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Calls to police about erratic driving gave reasonable suspicion for stop

State v. Angela J. Coker, 2017AP1555, District 2, 2/14/18 (one-judge decision; ineligible for publication); case activity (including briefs)

Coker was charged with OWI after police stopped her car because other drivers called police to report an erratic driver. The court of appeals rejects her claim that the information from the callers wasn’t sufficiently reliable because it was offered anonymously and wasn’t corroborated by the arresting officer’s observations.

The anonymity isn’t a problem, in part because the driver who finally directed the officer to Coker’s car offered to make a statement and so wouldn’t be anonymous:

¶9     …. Here, at the time he conducted the traffic stop, the trooper was aware that “multiple” individuals³ had called in about a “[w]hite Ford Flex van travelling southbound [on the interstate] from Milwaukee that was allegedly weaving all over the road.” He also was aware that a caller who continued to follow the van had expressed his/her willingness to give a written statement. Whether or not the caller later actually did provide such a statement is of no consequence in determining whether the trooper acted reasonably in relying upon the information this caller provided. The trooper would have reasonably believed he could rely upon the caller’s information in part because the caller indicated a willingness to make himself/herself known and accountable to law enforcement through a written statement. Furthermore, the caller indicated he/she was following the van, provided contemporaneous updates on the van’s location, and directed the trooper to the van. While the trooper did not testify that the caller indicated he/she was driving directly behind the van, with the information provided, the trooper nonetheless could reasonably have concluded that the caller knew his/her identity might well be discovered by law enforcement and thus that he/she “potentially could be arrested if the tip proved to be fabricated.” See [State v.] Rutzinski, [2001 WI 22,] 241 Wis. 2d 729, ¶32[, 623 N.W.2d 516]. This too added to the reliability of the information relayed to the trooper. See id. (recognizing that a tip from an unidentified informant who “exposed him- or herself to being identified” is generally reliable); see also State v. Williams, 2001 WI 21, ¶35, 241 Wis. 2d 631, 623 N.W.2d 106 (“Risking one’s identification intimates that, more likely than not, the informant is a genuinely concerned citizen as opposed to a fallacious prankster.”).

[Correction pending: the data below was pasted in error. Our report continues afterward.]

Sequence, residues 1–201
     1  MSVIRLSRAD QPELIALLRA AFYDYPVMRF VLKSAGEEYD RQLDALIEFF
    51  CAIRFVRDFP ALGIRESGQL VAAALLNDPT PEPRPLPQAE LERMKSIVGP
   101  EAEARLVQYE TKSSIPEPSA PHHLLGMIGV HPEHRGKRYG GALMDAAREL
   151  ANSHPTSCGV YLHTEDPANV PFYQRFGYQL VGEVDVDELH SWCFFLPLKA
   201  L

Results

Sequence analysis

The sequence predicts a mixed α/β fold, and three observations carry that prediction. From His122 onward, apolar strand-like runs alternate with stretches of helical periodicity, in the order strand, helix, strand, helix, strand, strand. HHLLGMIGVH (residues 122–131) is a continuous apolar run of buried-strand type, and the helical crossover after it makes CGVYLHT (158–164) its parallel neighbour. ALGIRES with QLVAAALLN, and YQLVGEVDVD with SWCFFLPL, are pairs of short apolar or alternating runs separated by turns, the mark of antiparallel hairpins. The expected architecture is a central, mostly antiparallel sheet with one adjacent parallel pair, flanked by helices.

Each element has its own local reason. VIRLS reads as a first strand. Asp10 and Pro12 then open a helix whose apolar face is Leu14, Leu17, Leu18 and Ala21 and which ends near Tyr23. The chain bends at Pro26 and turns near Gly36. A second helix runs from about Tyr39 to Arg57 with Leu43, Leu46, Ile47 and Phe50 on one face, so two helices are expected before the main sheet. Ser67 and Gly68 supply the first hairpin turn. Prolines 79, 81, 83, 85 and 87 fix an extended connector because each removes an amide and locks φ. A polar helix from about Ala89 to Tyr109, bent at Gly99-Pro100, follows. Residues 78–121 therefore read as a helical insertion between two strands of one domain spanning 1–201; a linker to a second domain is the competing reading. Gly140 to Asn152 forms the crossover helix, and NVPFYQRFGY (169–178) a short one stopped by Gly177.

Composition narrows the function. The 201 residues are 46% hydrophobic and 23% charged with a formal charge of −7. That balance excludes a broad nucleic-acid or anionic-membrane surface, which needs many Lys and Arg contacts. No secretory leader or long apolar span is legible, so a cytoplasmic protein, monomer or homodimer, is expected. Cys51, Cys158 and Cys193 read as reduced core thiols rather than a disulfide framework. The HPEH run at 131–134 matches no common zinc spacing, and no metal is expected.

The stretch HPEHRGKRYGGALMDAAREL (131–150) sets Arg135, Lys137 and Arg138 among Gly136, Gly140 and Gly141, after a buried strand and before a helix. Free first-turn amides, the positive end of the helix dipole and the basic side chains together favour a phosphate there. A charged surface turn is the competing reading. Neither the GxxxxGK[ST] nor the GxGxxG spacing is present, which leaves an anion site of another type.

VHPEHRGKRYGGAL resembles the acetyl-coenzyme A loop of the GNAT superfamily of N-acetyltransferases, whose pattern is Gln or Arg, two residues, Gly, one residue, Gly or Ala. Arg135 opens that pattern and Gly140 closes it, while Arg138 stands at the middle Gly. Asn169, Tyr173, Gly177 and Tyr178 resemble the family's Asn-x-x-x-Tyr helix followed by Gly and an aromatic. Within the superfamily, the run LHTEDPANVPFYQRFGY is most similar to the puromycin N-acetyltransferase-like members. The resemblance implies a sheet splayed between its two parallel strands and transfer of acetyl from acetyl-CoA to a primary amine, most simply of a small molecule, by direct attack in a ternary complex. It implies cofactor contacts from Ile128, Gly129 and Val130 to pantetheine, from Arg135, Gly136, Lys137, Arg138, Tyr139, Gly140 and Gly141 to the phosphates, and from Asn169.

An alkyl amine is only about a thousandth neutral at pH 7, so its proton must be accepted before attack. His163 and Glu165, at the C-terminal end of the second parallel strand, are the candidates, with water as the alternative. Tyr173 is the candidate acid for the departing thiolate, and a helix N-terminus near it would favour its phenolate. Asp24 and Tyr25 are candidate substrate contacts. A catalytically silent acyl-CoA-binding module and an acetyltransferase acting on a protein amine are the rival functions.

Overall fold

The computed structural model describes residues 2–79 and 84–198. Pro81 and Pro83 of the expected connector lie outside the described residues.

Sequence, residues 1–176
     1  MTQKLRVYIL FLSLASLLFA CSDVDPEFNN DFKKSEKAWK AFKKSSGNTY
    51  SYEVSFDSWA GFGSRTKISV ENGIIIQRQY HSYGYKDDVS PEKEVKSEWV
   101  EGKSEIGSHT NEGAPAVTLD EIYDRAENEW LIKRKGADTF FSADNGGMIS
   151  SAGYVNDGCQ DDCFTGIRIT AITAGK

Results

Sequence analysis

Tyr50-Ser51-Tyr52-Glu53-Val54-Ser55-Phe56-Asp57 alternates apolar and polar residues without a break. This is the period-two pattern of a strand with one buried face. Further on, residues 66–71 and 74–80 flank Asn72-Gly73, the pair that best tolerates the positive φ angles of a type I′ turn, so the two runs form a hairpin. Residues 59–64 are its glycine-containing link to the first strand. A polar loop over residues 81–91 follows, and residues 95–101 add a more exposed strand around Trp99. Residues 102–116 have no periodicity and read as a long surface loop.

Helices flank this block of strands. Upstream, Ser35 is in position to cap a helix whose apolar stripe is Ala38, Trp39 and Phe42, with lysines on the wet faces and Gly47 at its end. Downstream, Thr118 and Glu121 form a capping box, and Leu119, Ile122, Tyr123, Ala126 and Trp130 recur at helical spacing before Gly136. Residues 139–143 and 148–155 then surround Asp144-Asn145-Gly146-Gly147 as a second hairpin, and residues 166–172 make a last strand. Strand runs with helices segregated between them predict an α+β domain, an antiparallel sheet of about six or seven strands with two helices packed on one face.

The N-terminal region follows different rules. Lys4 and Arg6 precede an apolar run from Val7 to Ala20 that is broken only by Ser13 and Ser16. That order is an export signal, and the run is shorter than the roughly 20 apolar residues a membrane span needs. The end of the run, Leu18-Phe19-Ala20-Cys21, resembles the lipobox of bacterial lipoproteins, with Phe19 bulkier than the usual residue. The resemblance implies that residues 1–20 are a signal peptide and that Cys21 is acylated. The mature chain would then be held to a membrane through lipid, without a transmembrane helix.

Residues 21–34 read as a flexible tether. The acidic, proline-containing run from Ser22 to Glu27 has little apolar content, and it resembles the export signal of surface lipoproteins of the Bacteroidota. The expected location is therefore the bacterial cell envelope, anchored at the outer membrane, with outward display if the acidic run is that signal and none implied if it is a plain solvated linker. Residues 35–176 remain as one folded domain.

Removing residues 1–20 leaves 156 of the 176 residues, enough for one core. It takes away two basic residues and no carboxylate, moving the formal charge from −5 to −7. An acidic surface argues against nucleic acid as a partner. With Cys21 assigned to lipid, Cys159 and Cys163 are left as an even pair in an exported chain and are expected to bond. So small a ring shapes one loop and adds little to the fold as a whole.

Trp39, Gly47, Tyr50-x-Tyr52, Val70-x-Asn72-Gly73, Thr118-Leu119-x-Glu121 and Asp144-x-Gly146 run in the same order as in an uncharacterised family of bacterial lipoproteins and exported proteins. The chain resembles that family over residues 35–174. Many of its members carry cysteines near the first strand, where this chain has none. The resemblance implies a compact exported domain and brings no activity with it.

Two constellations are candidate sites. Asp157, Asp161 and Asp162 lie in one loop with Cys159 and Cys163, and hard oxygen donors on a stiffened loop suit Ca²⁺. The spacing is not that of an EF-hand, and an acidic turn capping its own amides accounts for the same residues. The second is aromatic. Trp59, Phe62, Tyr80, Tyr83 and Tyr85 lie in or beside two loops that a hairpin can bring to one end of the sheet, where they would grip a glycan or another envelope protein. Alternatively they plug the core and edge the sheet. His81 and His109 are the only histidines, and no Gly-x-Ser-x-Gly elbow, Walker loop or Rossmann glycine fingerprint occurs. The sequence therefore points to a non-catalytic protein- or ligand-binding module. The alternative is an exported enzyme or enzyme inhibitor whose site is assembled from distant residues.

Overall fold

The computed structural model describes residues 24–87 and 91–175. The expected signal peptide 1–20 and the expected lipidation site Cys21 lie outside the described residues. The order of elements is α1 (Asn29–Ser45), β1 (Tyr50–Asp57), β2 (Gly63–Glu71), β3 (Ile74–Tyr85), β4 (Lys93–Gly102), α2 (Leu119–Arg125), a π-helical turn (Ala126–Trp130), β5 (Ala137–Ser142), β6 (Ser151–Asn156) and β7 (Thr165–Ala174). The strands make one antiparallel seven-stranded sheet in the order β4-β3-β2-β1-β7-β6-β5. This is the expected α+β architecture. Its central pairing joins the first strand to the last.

³ ….[The circuit court found] that not just one but “multiple” individuals called in to report concerns about Coker’s driving…. Coker erroneously briefs this appeal as if there was only one caller. Significantly, each caller’s tip adds to the reliability of the tip(s) of the other caller(s). See State v. Hillary, 2017 WI App 67, ¶18, 378 Wis. 2d 267, 903 N.W.2d 311.

The lack of corroboration isn’t fatal, either, given Navarette v. California, 134 S. Ct. 1683 (2014):

¶12     Coker contends it “weigh[s] against the veracity of the caller” that the trooper himself did not observe any erratic driving or traffic violations in the “just under” one minute he followed her before conducting the traffic stop. The Supreme Court addressed a similar consideration in Navarette. In that case, the Court stated that “the absence of additional suspicious conduct, after the vehicle was first spotted by an officer,” did not “dispel the reasonable suspicion of drunk driving” which came from the informant’s report that Navarette had previously operated his vehicle so as to “[ru]n the reporting party off the roadway.” Navarette, 134 S. Ct. at 1687, 1691. The Court added: “It is hardly surprising that the appearance of a marked police car … would inspire more careful driving for a time. Extended observation of an allegedly drunk driver might eventually dispel a reasonable suspicion of intoxication, but the 5-minute period in this case hardly sufficed in that regard.” Id. at 1691 (emphasis added). The Court’s determination that a five-minute period in which an observing officer noted no signs of impaired driving “hardly sufficed” to dispel reasonable suspicion makes it easy for us to conclude that the trooper’s preseizure observation period of “just under” one minute, while not reinforcing the veracity of the multiple callers who reported observing Coker “weaving all over the road,” also did not undermine the veracity of those reports.

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